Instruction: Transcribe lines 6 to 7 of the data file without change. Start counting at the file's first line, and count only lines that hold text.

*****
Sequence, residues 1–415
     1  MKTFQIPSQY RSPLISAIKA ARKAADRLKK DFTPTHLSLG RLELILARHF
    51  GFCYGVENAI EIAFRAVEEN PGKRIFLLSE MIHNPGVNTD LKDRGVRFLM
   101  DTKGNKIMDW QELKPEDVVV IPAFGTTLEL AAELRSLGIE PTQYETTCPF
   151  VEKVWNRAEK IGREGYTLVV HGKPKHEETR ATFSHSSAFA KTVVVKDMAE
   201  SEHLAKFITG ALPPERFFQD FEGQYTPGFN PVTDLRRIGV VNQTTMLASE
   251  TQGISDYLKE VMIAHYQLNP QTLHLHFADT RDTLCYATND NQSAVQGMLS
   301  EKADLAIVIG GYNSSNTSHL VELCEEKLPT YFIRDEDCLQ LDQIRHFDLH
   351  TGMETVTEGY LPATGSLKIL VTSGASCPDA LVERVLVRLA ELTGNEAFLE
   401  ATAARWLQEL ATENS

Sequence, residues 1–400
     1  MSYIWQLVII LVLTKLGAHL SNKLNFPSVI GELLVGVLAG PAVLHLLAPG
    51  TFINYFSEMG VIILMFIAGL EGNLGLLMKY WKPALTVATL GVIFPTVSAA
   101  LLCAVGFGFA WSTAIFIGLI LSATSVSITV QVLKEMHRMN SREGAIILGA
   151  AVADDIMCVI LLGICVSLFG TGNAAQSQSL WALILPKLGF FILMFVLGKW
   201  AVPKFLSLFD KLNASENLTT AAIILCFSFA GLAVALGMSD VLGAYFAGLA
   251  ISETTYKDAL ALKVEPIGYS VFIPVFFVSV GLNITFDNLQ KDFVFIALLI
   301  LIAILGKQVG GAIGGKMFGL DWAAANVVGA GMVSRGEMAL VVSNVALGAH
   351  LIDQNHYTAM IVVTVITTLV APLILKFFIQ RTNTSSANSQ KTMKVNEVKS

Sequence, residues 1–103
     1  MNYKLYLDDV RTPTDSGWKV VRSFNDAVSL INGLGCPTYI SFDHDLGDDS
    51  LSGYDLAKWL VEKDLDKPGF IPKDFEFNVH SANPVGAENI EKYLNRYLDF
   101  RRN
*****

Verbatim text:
   201  SEHLAKFITG ALPPERFFQD FEGQYTPGFN PVTDLRRIGV VNQTTMLASE
   251  TQGISDYLKE VMIAHYQLNP QTLHLHFADT RDTLCYATND NQSAVQGMLS